01. ZUR GUTEN AMBIENCE
02. WHAT IF
08. IN MY BRAIN PRINZ EUGEN
11. LOOKING (Bonus Track)
12. ENDE (Bonus Track)
13. JOHNNY WATERS (Bonus Track)
- Release date04 Feb 2013
- Label!K7 Records
- Format2xVinyl, CD
If geography has an impact on music, then Vienna has coloured Tosca’s music at every turn. Over the course of a career spanning two decades, the Austrian capital has inspired Richard Dorfmeister (of Kruder & Dorfmeister fame) and Rupert Huber to make electronic mood pieces coloured with Mitteleuropean melancholy. “There’s a feeling in Vienna that is very special,” explains Dorfmeister. “For example, today it’s a very foggy day, which is typical for this city. It’s grey a lot of the time. But there’s something exciting and inspiring about it as well, something very colourful. That contrast has definitely had an effect on our music. You know, a mixture of a downtempo vibe with something that is very positive.”
It’s a bittersweet juxtaposition that is much in evidence on the pair’s new album, ‘Odeon’. It opens with the hazy strings of ‘Zur Guten’, which ebbs into the oozing keys and pizzicato steel string guitars of ‘What If’, which features a smokey vocal from Sarah Carlier. Lead single ‘Jayjay’ is a haunted combination of sombre piano chords, rolling drums and weird, otherworldly vocals from JJ Jones. It’s the pivotal track on a record that sees Tosca tapping into gothic atmospheres. It’s darker than their previous five albums, more downbeat, at times ambient. It’s unlike anything else out there at the moment. Listening to a track like ‘Meixner’ you have to go back to the ’80s and ‘The The’ for a reference point. It’s truly peerless stuff.
“We’ve always had a darker, ambient side,” says Dorfmeister. “But we really wanted to emphasise that aspect of music with this record. That’s where our hearts are at the moment, just keeping the whole vibe low and understated.” Huber takes up the thread. “The album is definitely a little darker than anything we’ve done before. It’s mainly male vocalists. There are the moodier ambient tracks and then some songs with downbeat bluesy feel.” Is there a reason for this sombre tone? Nothing specific. “Obviously our music is influenced by our experiences of life — it couldn’t be any other way — so in some senses it’s a kind of diary, but there weren’t any single incidents that caused the record to be that little bit darker,” says Dorfmeister. If anything, the exact opposite is true: life has been good. “Over the last year I think we’ve both learnt to be more generous and to understand our own limitations and other people’s” says Huber. A case of musical yin and personal yang, then.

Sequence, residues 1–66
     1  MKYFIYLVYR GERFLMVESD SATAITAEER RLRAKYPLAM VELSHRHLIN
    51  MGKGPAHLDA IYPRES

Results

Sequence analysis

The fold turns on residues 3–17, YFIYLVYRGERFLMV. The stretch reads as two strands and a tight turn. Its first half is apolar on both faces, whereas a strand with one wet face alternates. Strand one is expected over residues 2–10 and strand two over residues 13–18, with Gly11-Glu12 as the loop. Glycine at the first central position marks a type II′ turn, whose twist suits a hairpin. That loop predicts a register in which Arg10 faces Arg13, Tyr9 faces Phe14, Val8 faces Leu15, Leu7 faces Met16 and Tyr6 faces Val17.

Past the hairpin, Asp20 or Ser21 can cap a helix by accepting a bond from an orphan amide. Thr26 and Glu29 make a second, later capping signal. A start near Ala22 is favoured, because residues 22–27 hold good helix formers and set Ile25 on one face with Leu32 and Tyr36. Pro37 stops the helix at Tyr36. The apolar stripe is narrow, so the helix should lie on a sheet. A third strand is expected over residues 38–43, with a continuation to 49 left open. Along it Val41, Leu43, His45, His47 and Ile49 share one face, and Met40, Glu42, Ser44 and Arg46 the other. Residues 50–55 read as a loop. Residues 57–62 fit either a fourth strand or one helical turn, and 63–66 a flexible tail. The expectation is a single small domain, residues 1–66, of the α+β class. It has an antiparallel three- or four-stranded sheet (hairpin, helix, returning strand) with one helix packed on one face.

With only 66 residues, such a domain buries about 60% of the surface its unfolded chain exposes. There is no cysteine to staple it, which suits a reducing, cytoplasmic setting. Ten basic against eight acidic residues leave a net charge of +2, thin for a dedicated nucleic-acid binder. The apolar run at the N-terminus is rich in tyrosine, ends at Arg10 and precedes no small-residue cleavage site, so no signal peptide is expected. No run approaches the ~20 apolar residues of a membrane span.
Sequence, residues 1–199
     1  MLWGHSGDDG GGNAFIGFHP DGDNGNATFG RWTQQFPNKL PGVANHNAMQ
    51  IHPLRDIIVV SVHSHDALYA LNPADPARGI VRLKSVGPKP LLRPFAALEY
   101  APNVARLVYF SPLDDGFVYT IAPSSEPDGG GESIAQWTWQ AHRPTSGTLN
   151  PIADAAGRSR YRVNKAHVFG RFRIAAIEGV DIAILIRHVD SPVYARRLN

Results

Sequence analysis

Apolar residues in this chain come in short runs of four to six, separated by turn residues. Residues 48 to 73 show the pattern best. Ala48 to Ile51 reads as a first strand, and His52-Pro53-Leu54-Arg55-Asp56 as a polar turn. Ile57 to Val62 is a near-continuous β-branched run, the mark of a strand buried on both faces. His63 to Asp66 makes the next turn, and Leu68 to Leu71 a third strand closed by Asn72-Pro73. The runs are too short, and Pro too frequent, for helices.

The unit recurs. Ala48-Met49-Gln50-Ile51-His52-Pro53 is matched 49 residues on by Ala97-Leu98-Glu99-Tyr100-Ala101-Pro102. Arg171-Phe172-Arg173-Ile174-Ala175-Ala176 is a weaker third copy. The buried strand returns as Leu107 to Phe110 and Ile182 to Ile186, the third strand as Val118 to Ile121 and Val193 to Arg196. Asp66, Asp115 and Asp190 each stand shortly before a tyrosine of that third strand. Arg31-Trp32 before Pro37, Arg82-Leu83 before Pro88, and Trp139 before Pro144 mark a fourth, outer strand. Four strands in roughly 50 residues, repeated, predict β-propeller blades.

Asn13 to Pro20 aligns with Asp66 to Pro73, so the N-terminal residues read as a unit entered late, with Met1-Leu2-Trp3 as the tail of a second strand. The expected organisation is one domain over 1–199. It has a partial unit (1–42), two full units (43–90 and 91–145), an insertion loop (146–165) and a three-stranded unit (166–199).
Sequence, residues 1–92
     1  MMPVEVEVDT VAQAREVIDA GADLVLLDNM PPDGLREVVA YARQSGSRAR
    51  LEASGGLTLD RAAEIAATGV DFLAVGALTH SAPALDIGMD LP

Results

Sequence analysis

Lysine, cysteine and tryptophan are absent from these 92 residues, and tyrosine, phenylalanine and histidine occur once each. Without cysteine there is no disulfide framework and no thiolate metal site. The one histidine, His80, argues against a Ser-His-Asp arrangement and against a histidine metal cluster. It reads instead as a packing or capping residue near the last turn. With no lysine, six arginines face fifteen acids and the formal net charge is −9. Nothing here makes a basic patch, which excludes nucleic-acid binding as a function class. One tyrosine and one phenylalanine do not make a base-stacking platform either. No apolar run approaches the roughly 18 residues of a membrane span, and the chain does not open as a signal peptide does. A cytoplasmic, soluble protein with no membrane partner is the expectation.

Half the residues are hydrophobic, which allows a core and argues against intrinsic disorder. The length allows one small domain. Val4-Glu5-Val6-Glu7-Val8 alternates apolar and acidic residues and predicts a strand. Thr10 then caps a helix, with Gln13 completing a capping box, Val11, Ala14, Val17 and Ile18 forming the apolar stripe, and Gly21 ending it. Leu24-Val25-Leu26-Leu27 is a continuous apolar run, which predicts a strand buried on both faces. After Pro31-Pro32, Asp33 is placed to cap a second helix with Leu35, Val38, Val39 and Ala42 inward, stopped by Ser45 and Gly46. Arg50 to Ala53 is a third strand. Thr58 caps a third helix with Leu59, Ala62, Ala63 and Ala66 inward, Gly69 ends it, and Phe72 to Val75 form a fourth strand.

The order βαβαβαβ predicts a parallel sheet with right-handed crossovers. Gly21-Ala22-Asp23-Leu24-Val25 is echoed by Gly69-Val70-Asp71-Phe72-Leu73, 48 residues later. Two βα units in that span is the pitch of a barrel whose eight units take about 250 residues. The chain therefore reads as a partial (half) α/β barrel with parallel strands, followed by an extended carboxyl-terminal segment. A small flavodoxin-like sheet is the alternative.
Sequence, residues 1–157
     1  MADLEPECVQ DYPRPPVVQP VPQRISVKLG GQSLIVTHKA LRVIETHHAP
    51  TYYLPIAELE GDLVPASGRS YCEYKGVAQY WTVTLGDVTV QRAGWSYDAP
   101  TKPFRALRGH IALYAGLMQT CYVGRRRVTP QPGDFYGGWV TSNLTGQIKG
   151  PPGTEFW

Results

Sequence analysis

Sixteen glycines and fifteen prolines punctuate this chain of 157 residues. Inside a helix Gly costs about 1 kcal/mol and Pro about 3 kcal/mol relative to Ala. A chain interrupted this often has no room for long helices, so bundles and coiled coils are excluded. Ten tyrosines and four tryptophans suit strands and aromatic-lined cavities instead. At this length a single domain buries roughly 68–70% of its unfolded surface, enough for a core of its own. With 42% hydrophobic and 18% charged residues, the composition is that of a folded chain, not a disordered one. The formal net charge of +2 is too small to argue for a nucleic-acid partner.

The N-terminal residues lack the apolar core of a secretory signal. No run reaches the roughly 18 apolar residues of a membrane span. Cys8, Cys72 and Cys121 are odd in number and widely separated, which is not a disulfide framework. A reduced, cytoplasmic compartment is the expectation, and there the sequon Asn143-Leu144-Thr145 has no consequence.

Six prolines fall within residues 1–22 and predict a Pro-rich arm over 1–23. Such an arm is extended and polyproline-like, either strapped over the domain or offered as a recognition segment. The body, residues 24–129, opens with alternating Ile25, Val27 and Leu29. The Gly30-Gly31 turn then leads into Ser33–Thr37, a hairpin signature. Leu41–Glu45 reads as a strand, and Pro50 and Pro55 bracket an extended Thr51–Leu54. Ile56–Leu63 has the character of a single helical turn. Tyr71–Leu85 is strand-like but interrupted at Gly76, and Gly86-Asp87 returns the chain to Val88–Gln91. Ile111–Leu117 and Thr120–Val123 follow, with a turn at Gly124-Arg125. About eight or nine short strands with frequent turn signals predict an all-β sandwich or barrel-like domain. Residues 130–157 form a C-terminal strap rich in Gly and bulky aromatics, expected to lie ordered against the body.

It’s a very personal record in another sense, too. In the digital age it’s normal for artists to collaborate remotely via file-sharing, but that’s not the case here. Tosca know all the vocalists personally and their performances were face-to-face. “It was a little bit more organic,” says Huber. “We’re not fans of approaching big stars, we prefer to work with people in our scene, people we know. We just find that it means you get more of a vibe going.”
The album’s name, meanwhile, comes from the venue in Vienna where Tosca debuted the new material in October. The performance went so well they decided it would make a fortuitous name — the music/place interface in action once again. The performance features as a bonus disc on the deluxe version of the album that will be available exclusively via the !K7 webstore. “In a way, live is the way the music is supposed to be,” explains Dorfmeister. “There’s a dreaminess to the way the tracks flow together. It becomes this evolving kind of story instead of separate tracks.”
More than anything, ‘Odeon’ is the sound of a band at the top of their game, still relevant after two decades. They were key players in the late ’90s Leftfield/downtempo scene, but they’ve never really gone out of fashion. Dorfmeister reflects on the band’s history. “It sounds like a cliche, but we’ve never really thought about other people’s music when we’re writing our own,” he says. “We try and create our own sound. We really have always been like that. And I think we’ve developed a trademark sound because of that.”
They certainly have. It’s been called ‘the Vienna sound’. And, in updated form, it still sounds like nothing else.